This course examines the South African economy in detail. It aims to investigate reasons for the current state of this emerging economy and to assess prospects for future growth. In essence, this course is a case study in economic development. Classical and contemporary models of development and undevelopment will be examined in regards to their relevancy to the South African case. In addition, development issues such as poverty, inequality, human capital formation and trade policy will also be looked at in a South African context. The material will often be presented in a Sub-Saharan African context. That is, concurrent developments in other parts of the African continent will also be investigated and analyzed to offer points of contrast and comparison. Global Perspectives Course.

ECON 4620 Economic Studies Abroad South Africa
Credit Hours 3.0
Prerequisites ECON 2105
Description

This course is designed to be a brief survey of the South African economy with an emphasis on current topical issues. The course presents students with a case study in economic development. The course starts off the first week with an overview of South African history and contemporary economic issues. During the next two weeks students will travel to the Pretoria/Johannesburg area in Gauteng Province, the industrial center of the country, and the Capte Town area of the Western Cape. Through a series of lectures and site visits students will be able to asess South Africa’s potential for economic growth and prosperity. Additional site visits are designed to provide students with an exposure to South African peoples and their culture. Global Perspectives Course.

ECON 4680 American Economic History
Credit Hours 3.0
Description

(Same as HIST 4210.) An intensive study of the development of the American economy with an emphasis upon the changing structure, institutional pattern, and performance of the system.

ECON 4750 Introduction to Game Theory
Credit Hours 3.0
Description

This course introduces the basics of game theory to undergraduate students in various disciplines. It focuses on fundamentals of game theory including basic concepts and techniques, various ways of describing and solving games, and various applications in economics, political science, and business. It will help students sharpen their understanding of strategic behavior in different situations involving many individuals.

ECON 4800 International Trade
Credit Hours 3.0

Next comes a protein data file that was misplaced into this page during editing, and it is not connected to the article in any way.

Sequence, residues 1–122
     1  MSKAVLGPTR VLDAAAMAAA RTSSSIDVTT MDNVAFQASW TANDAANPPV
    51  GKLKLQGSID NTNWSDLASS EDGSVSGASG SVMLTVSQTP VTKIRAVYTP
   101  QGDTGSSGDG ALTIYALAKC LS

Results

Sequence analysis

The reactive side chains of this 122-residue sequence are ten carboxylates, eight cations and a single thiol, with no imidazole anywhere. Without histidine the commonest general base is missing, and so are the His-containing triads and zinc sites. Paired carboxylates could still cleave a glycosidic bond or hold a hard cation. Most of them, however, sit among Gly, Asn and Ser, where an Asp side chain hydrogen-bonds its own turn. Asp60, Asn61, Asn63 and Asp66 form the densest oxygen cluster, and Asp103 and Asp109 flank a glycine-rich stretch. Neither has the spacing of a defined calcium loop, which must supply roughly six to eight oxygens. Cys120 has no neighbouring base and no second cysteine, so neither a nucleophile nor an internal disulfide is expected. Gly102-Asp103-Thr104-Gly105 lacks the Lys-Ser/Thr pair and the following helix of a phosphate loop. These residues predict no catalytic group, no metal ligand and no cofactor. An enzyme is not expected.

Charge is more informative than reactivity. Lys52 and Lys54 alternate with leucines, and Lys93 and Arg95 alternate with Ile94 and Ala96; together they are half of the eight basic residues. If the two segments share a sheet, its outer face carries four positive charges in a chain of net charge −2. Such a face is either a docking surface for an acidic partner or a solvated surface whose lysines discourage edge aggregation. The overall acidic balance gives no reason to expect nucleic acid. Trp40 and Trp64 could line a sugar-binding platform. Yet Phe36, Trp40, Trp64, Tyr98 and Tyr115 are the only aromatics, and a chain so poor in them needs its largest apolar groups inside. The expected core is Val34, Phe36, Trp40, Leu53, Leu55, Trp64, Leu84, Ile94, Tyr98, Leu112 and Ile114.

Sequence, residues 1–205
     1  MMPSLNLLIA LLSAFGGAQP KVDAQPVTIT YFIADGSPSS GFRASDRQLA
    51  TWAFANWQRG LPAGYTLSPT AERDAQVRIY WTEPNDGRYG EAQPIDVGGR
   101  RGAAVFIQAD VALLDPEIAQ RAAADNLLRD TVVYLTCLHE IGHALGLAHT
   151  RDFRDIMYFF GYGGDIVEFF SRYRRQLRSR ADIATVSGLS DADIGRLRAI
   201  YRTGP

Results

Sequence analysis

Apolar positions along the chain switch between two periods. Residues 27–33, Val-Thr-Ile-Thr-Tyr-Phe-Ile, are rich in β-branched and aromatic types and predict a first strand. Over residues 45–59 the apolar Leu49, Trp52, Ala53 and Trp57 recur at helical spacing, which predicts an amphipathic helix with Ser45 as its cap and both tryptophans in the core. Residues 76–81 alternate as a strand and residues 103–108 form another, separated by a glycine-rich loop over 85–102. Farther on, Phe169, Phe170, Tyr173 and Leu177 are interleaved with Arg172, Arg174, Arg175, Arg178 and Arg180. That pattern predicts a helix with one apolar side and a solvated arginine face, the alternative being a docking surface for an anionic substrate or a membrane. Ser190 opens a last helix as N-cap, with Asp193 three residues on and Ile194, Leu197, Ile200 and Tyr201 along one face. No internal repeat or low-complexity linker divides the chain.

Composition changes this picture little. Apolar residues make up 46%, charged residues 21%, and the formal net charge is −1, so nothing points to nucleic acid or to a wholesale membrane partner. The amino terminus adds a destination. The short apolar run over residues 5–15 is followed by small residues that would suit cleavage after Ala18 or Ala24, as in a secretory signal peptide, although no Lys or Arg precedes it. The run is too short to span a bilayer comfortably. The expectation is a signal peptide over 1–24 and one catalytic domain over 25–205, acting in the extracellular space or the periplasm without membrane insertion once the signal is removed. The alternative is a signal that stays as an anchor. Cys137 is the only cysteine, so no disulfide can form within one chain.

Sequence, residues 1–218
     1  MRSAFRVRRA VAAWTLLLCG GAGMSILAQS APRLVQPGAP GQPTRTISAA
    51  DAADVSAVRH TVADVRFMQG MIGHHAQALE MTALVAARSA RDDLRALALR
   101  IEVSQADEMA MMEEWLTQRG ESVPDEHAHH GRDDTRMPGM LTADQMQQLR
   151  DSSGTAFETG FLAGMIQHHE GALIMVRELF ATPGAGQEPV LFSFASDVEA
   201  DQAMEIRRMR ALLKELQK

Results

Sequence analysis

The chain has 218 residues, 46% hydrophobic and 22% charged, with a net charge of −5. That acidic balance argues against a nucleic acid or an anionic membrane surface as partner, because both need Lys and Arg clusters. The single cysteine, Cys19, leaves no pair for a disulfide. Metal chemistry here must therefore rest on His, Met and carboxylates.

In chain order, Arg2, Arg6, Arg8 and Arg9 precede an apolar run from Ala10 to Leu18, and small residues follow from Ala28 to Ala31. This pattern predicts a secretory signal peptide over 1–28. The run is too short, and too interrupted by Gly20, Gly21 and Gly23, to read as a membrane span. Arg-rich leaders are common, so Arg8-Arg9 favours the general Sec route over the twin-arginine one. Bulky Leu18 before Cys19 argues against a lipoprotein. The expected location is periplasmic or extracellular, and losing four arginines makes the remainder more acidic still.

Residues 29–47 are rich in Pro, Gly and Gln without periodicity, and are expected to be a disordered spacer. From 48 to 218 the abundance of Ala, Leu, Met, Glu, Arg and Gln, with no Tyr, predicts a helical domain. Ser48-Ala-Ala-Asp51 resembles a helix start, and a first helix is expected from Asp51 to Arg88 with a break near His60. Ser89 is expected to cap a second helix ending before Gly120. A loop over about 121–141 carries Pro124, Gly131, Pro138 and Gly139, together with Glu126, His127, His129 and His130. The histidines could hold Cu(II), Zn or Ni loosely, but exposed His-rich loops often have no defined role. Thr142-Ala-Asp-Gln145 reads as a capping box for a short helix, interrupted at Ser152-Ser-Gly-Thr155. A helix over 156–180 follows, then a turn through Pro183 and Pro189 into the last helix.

Prerequisites ECON 2106
Description

An examination of theories of trade and empirical verification, trade and welfare, tariff and nontariff barriers to trade, common markets, and the relationship between growth and trade. Global Perspectives Course.

ECON 4810 International Finance
Credit Hours 3.0
Prerequisites ECON 2105
Description

A study of the foreign exchange market, the balance of payments, exchange-rate systems with particular emphasis on the current international monetary system, the international macroeconomic model, and policies for internal and external balance. Global Perspectives Course.

ECON 4930 Mathematical Economics
Credit Hours 3.0
Prerequisites ECON 2105 and ECON 2106, and MATH 2211 or MATH 1220
Description

This course provides an introduction to mathematical techniques that are frequently used in economic analysis. Topics covered include differential and integral calculus and matrix algebra. Emphasis is placed on the applications of mathematics to topics in economic theory.

ECON 4941 Economics Internship
Credit Hours 3.0 - 6.0
Prerequisites Enrollment is limited to juniors or seniors who have completed ECON 2105 and ECON 2106, and at least 6 upper-level hours of economics coursework
Description

The academic internship provides junior and senior students with opportunities to broaden and extend their foundation knowledge from the classroom to the world of work. Placement must be approved by the department’s internship coordinator, with faculty supervision during employment. This course may include a Signature Experience component.

ECON 4950 Econometrics and Applications
Credit Hours 3.0
Prerequisites ECON 2105 and ECON 2106, and MATH 1070
Description

An introduction to the regression model, its assumptions, limitations, and application to problems in business and economics.

ECON 4960 Economics of Work and Pay
Credit Hours 3.0
Prerequisites 2106
Description

This course applies economic theory to the analysis of labor markets. Topics examined include wage determination, employment and labor force growth, education and training, occupational attainment, unemployment, and the impact of discrimination, unions, and government policy on the functioning of labor markets.

ECON 4990 Special Topics in Economics II
Credit Hours 1.0 - 6.0
Prerequisites Consent of instructor
Description

Advanced studies in Economics; topics vary according to instructor. May be repeated if the topic differs.

ECON 4999 Senior Capstone in Economics-CTW
Credit Hours 3.0
Prerequisites ECON 3900, ECON 3910 and two 4000 level ECON courses with grades of C or higher or permission of the instructor
Description

This course serves as an integrative capstone course for the economics major and should normally be taken during the student’s last two semesters of study. Basic tools and methods of economics are used to understand and analyze a variety of contemporary economic problems and policy issues. The course will be organized by research modules that cover at least four of the following six broad economics topics: business policy analysis; economic history and thought; social policy and human resources; international economics and globalization; government fiscal, environmental and urban policies; and behavioral economics. This course has been designated as CTW (Critical Thinking Through Writing) course.